The Navy outlined citizen support services will continue even as U.S. Citizenship and Immigration Services (USCIS) closes overseas field offices in NAVADMIN 290/ 19, Dec. 12. The general guidance is to plan ahead, work with respective Navy Regional Legal Service Offices (RLSOs), and follow procedures outlined by USCIS. Commanding officers are also instructed to provide maximum flexibility for affected service members to get the services needed, should they have to travel to complete required paperwork. Specific recommendations were directed at Sailors and their families who may be impacted by the closures to plan ahead prior

to conducting a Permanent Change of Station (PCS). To support service members, USCIS will conduct four quarterly visits at overseas military installations: Camp Humphreys, South Korea; Commander Fleet Activities, Yokosuka, Japan; U.S. Army Garrison Stuttgart, Germany; and Naval Support Activity Naples, Italy, USCIS officials said in a news release and in a background call with defense reporters. Once the USCIS offices have closed, members who have gained foreign national dependents (though marriage, adoption, etc.) will need to submit immigration applications to the Department of State before their tour ends for their dependents to enter the U.S. as immigrants. Sailors stationed overseas who receive orders for an assignment back to the U.S.

will not be able to initiate a PCS with dependents unless they have obtained approval for their dependents to enter as immigrants. This process is initiated by filling out a Petition for Alien Relative form (I-130). This form is used if you are a citizen or lawful permanent resident of the U.S. who needs to establish a relationship to certain foreign national relatives who wish to immigrate to the U.S. When a member enrolls eligible dependents in the Defense Eligibility Enrollment System (DEERS), or updates their Record of Emergency Data/Dependent Application Form (RED/DA), the command should also ensure the member contacts their nearby RLSO and begin the I0130 application process for a non-U.S. citizen dependent. RLSO Command Citizenship Representatives provide legal advice to Sailors and their fam-

ilies regarding immigration and naturalization issues, including any problems that may arise as a result of these closures Commands are directed by NAVADMIN 290/19 to ensure Sailors assigned overseas with foreign national dependents initiate any immigration paperwork early rather than waiting for PCS orders. Those who are serving in Asia and Europe, in particular, should contact their local RLSO immediately to initiate I-130s. Service members who are not yet naturalized must begin the naturalization process by contacting a U.S.based USCIS office before embarking on an overseas assignment. Sailors with overseas orders or pending deployment can expedite the naturalization process by including a cover page with their application stating, “I am deploying overseas.” If the applicant has already submitted an application and needs to notify USCIS of an upcoming deployment, they should contact the USCIS Military Help Line at 1-877CIS-4MIL (1-877-247-4645) as soon as possible.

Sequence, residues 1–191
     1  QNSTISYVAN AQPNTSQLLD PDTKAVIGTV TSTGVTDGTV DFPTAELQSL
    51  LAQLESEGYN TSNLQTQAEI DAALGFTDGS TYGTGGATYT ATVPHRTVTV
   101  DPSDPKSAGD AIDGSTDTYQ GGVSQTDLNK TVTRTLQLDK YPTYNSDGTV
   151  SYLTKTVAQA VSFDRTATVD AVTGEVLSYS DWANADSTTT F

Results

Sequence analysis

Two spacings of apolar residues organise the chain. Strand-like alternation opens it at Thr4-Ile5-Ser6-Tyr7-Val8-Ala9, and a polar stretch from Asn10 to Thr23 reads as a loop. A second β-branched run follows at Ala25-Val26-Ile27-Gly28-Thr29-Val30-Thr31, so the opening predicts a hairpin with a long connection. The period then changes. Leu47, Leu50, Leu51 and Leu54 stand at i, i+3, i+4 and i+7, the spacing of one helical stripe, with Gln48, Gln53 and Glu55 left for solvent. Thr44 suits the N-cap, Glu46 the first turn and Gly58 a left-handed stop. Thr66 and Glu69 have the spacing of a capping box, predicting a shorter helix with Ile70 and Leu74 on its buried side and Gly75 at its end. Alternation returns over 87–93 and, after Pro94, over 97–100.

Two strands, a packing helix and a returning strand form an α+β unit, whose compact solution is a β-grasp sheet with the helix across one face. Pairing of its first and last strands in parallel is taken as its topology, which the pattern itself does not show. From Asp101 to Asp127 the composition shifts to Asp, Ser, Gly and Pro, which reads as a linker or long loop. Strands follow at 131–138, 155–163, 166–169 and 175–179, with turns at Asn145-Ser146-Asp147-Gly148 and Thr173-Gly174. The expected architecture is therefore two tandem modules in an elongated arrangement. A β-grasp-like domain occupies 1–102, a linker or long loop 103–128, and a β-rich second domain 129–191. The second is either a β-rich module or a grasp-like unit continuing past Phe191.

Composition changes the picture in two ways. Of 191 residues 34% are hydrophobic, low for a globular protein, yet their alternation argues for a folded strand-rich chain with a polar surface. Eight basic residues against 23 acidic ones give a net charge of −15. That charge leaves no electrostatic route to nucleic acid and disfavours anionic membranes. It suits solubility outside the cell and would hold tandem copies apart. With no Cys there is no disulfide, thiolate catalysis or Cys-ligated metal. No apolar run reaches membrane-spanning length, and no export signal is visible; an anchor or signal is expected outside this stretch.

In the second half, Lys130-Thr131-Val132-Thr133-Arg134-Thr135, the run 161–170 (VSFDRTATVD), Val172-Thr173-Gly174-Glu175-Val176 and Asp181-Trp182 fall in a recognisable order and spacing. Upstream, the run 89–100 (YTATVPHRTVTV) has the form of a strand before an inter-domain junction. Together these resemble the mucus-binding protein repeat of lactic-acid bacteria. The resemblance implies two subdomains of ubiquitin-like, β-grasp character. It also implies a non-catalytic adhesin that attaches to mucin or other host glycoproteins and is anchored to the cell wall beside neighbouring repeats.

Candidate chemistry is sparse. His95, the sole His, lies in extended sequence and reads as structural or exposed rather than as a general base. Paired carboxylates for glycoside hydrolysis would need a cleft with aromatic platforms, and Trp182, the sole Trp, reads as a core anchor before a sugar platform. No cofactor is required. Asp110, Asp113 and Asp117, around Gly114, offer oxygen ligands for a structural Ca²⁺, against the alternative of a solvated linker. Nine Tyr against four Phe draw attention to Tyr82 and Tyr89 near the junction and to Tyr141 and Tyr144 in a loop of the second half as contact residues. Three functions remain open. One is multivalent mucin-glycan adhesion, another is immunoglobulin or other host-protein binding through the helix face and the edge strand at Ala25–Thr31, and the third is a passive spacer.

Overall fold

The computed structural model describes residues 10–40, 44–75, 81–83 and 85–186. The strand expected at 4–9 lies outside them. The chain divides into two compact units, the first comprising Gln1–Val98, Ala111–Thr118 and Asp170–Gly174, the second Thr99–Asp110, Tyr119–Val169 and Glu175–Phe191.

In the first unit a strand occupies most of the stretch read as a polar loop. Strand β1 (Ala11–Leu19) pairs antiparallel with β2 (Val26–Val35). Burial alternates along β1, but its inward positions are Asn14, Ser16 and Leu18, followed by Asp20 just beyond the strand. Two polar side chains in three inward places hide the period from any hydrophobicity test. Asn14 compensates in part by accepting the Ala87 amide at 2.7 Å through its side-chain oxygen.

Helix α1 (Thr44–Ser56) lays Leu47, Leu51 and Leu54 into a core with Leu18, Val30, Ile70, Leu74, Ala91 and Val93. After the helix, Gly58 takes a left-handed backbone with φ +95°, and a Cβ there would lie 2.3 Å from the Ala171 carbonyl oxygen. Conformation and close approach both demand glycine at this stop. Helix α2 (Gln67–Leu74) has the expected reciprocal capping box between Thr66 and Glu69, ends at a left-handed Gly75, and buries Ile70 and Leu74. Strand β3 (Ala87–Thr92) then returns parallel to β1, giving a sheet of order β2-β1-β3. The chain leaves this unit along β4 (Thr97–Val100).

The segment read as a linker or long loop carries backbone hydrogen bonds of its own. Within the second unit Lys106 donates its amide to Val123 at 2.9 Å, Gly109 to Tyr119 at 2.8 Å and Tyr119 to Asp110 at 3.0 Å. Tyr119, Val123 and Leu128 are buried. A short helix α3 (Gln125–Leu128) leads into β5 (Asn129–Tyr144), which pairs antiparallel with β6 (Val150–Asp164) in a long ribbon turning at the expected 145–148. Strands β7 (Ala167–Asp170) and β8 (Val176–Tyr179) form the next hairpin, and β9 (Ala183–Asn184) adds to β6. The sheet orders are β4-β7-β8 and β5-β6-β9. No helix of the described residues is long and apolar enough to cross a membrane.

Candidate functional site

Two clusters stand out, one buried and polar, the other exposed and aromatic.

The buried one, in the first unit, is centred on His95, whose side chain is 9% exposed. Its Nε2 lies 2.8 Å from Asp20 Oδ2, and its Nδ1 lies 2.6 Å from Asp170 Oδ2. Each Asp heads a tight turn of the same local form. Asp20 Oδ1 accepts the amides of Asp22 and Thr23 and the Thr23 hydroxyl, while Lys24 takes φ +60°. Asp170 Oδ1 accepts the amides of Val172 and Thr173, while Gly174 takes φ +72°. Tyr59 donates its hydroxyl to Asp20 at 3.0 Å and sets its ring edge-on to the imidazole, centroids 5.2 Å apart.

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A5 | | The Flagship | 12.19.2019

Navy Preventive Medicine Unit receives Force Health Protection Award It was an honor to “be present to receive

Veterans with Veteran Health ID Card can shop at Military Exchange, Commissaries and MWR starting Jan. 1 From Commander, Navy Installations Command Public Affairs WASHINGTON

Military installations including Navy installations are ready to support authorized veterans and their caregivers who will soon be able to shop at base commissaries, exchanges and enjoy certain Morale, Welfare, and Recreation (MWR) programs. Starting Jan. 1, 2020, the expanded benefit applies to veterans with a Department of Veterans Affairs (VA)-documented serviceconnected disability rating, Purple Heart recipients, former prisoners of war, and primary family caregivers for veterans enrolled in the VA’s Program of Comprehensive Assistance for Family Caregivers. This expanded access for authorized veterans and caregivers is specified in the Purple Heart and Disabled Veterans Equal Access Act of 2018 and included in the John S. McCain National Defense Authorization Act for Fiscal Year 2019. “Navy MWR proudly welcomes our newly eligible veterans, as we honor their service and sacrifice and those who care for them,” said Ed Cannon, director, Navy Fleet and Family Readiness, Commander, Navy Installations Command. “Our MWR professionals are excitedly waiting to serve our new customers, and we welcome them to take advantage of the excellent recreational programs and services that Navy MWR offers.” This patronage expansion applies to Navy MWR Category C and B programs at Department of Defense (DoD) and Department of Homeland Security (DHS) installations in the United States and in the U.S. territories and possessions. These programs include golf, bowling, movie theaters, car washes, arts and crafts centers, auto skills, vehicle storage, marinas, community recreation (outdoor recreation equipment rentals, tickets and travel), RV park rentals, Navy Gateway Inns & Suites (NGIS), Navy Getaways, and special events/entertainment where open to all rate categories. It does not apply to MWR Category A activities that are funded primarily